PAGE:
1952 - The Martin and Catherine Green Residence, 1724 Picadilly Lane, Raleigh.  Commissioned 1950.  Deeded to Catherine Green.  Sold in 1995 to her son and his wife, Martin Green Jr. and Karin B. Green.


1952 - The Guy C. Branaman House, 915 Williamson Drive, Raleigh.  Outside, not a Modernist design but has some interior features.  Sold in 1999 to David Johnson, Jr.


1955 - The Elmo and Alice Williams Residence, 714 Lake Boone Trail, Raleigh.  Bought in 1967 by architect Gilbert Slack, the owner as of 2011.  Slack worked for Terry Waugh and Leif Valand before starting his own practice in 1968.  Top photo by Leilani Carter.  Other photos by George Smart.


  

1955 - The Barrie S. and Judith R. Davis House, 506 North Wakefield Street, Zebulon.  Sold in 1977 to Herman And Phyllis Hammock.  Sold in 1980 to Rickey and Sheryl Rogers.  Sold two weeks later to Sheryl E. Davis.  Sold in 2000 to Robert J. Golder.  Sold in 2001 to Elizabeth Price and Amy Thompson.  Sold in 2007 to Terry and Lavon Barrett.  Photos by Terry Barrett.


 

1955 - The George and Pota V. Vallas Residence, 5008 Lead Mine Road, Raleigh.  The Vallas family ran National Art Interiors on Glenwood Avenue for decades. The original built-in cabinets and drawers (example above) are in exceptional condition.  The Vallas' invested well, buying dozens of surrounding acres north of Crabtree Valley, an area that would become valuable in the 1970's.  Their generous gift of land established the Greek Orthodox Church next door.  According to Macon Smith, an architect who worked on this house, Alvis George did most of the design.  As of 2015, still owned by the Vallas family partnership.  Photos by George Smart.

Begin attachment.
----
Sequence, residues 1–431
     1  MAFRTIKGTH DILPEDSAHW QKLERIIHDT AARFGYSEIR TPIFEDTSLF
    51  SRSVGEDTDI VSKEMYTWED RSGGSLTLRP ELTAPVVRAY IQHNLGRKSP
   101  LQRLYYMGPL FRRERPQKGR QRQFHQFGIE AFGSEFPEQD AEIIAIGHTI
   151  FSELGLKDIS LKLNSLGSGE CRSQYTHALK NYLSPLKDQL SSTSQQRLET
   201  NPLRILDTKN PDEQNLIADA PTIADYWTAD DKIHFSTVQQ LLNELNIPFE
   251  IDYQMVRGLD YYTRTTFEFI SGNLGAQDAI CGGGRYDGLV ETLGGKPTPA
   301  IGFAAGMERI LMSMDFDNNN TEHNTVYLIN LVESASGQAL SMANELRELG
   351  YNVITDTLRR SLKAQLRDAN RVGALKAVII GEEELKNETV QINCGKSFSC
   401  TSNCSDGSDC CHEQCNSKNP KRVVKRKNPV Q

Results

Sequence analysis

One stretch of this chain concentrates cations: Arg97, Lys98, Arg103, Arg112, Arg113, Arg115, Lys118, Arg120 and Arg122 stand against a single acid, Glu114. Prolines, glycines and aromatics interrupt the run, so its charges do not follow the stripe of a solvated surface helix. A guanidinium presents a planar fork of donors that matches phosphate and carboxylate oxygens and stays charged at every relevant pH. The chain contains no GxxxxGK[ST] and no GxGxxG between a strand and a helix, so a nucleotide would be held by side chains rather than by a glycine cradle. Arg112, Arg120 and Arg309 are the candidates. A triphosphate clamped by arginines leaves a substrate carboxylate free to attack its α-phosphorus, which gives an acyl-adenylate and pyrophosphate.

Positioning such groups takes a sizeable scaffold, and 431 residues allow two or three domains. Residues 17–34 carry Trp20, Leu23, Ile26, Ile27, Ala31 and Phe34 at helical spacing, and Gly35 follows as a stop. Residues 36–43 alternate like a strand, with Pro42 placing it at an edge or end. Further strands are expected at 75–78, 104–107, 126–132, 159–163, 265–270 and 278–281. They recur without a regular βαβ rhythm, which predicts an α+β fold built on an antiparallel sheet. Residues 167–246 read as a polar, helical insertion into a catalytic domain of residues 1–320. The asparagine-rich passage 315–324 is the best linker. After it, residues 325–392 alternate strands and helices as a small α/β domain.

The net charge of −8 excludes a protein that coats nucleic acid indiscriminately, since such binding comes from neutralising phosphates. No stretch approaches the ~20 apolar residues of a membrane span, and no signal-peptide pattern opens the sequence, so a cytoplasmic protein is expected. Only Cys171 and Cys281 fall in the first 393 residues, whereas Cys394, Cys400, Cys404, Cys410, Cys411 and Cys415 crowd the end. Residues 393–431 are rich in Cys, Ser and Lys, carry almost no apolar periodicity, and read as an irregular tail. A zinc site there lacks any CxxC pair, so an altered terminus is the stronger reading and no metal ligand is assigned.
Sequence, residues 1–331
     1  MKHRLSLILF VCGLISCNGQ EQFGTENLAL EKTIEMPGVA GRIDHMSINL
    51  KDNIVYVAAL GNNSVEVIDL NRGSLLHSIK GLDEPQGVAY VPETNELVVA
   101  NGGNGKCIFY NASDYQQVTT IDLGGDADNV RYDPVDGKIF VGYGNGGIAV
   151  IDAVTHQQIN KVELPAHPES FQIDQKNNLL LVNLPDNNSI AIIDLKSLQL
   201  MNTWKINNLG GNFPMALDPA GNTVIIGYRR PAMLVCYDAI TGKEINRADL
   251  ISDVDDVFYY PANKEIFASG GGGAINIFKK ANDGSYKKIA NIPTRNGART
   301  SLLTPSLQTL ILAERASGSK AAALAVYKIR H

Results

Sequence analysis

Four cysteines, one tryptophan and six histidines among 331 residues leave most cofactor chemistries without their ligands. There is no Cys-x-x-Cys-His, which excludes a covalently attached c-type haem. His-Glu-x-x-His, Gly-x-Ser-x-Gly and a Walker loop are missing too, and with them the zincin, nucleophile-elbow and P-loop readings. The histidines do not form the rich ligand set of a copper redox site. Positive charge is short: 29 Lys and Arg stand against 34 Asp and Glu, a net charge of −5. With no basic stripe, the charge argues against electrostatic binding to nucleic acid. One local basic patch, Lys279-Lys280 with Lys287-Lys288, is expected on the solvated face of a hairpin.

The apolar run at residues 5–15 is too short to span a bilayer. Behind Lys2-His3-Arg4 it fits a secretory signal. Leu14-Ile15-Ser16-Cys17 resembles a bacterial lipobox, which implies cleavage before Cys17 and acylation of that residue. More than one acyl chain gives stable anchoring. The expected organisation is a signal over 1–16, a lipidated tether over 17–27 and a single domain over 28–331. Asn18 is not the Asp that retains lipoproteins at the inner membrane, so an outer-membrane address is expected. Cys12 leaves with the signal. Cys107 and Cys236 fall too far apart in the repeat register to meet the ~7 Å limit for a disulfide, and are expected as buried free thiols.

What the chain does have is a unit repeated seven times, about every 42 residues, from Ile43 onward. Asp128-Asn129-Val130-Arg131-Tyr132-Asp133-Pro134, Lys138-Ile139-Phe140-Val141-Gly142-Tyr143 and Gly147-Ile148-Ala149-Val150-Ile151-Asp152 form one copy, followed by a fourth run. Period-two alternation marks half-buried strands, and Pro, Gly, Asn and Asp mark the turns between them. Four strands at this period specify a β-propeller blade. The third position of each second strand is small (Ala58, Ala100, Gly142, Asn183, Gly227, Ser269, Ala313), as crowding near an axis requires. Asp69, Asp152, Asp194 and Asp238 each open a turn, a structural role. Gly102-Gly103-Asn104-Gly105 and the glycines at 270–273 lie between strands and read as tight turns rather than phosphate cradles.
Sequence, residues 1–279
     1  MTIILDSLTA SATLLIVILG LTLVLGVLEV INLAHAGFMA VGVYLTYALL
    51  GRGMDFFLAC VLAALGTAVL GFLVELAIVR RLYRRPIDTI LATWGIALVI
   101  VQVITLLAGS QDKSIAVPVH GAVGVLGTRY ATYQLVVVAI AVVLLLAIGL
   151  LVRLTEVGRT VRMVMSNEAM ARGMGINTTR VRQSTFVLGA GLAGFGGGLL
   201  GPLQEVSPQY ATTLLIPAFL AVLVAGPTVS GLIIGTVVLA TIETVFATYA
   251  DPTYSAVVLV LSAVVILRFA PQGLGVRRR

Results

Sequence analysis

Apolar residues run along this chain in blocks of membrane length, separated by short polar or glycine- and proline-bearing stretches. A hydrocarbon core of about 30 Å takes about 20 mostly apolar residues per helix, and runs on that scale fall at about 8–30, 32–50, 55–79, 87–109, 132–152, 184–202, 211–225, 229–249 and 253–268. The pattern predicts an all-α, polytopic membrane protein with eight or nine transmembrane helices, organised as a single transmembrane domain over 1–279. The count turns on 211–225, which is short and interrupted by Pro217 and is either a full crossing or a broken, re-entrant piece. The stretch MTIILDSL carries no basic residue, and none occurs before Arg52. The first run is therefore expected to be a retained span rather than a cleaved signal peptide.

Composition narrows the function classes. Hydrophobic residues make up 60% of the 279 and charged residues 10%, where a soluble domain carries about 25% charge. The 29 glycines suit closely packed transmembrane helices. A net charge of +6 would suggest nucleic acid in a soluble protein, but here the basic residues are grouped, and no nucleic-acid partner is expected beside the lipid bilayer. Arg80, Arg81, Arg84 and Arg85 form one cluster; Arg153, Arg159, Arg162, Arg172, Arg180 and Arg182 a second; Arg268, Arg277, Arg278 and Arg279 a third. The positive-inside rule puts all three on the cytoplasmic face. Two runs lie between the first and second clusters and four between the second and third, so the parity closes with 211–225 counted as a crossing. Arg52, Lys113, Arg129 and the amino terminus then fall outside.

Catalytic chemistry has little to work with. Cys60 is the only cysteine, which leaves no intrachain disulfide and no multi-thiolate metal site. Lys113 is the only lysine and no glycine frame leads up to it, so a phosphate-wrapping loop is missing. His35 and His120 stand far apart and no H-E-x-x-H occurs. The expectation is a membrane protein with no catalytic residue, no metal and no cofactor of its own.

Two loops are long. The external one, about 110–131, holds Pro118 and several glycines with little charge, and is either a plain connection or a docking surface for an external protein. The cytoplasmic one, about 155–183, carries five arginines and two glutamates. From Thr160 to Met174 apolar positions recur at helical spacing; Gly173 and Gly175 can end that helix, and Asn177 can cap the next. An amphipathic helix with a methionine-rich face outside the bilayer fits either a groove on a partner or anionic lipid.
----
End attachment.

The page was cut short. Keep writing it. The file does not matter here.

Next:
1955 - The Loren and Carolyn Withers House, 2741 Dogwood, Durham.  Sold in 2001 to Joseph and Patricia Workman.  Sold in 2005 to John H. and Marilyn C. Shuler.  Sold in 2013 to Kristin E. Meade.

1956 - The Michael and Salve K. Bolus House, 2220 Wheeler Road, Raleigh NC.  Salve Bolus Lewis still owns the home as of 2015 with Edward K. Lewis.


 

 



 

1959 - The Carter Williams House, aka Blue Haven, 6612 Rest Haven Drive, Raleigh. The house was named for its distinctive Carolina blue stone.  Dick Bell was the landscape architect.  B/W photos by Lewis Watson.  Color photos by Jill Maurer.  According to William's granddaughter Kathryn, the day they moved out, Carter Williams died.  Sold to Samuel and Lynne Harris.  Sold in 2005 to third owner Jill Maurer who did an extensive restoration.

2010 Metro Magazine article


1960 - The Garland Dewey Johnson and Elma Johnson Arndt House, 1428 Canterbury Road, Raleigh. 4163 square feet.  Sold in 1988 to Henry and Joy Hartzog.  The kitchen and master bath were redesigned and garage added in 2000 by Karl Gaskins.  Sold in 2010 to Cynthia Ball and Dave Aspnes.  Restoration in 2011 designed by architect Russ Stephenson and built by the Splinter Group. Listed on the National Register of Historic Places and as a Raleigh Historic Landmark.


1960 - The L. Dow and Rhea Pender Jr. House, 6616 Rest Haven, Raleigh.   Sold in 1962 to John S. Rhodes.  Secluded on 6.1 acres.  Sold in 1979 to his son John Flint Rhodes and wife Ruth.  There was a fire in 1995 in the bedroom wing.  Architect Karl Gaskins designed the subsequent restoration as well as a kitchen renovation. Sold in 2013 to GMAKS LLC, George and Mary Ann Klein.  Photos by George Smart.


1968 - The William and Mary Oviatt Residence, 511 Lakestone Drive, Raleigh.  Addition designed by Macon Smith. Sold to Karl G. and Donna G. Hudson in 1986. As of 2011 owned by Donna Crowder.


Other houses include:  

1950 - The Green House, Raleigh.


1951 - The Poteat House, Raleigh.


1952 - The Brafford House, Raleigh.


1956 - The Hudson House, Raleigh.


1964 - The Jones House, Raleigh.


Sources include:  Jill Maurer, Peter Rumsey, partner Macon Smith, Perry Cox, AIANC, Ruth Rhodes, Dick Rice, and daughter Carol Williams Bilbro.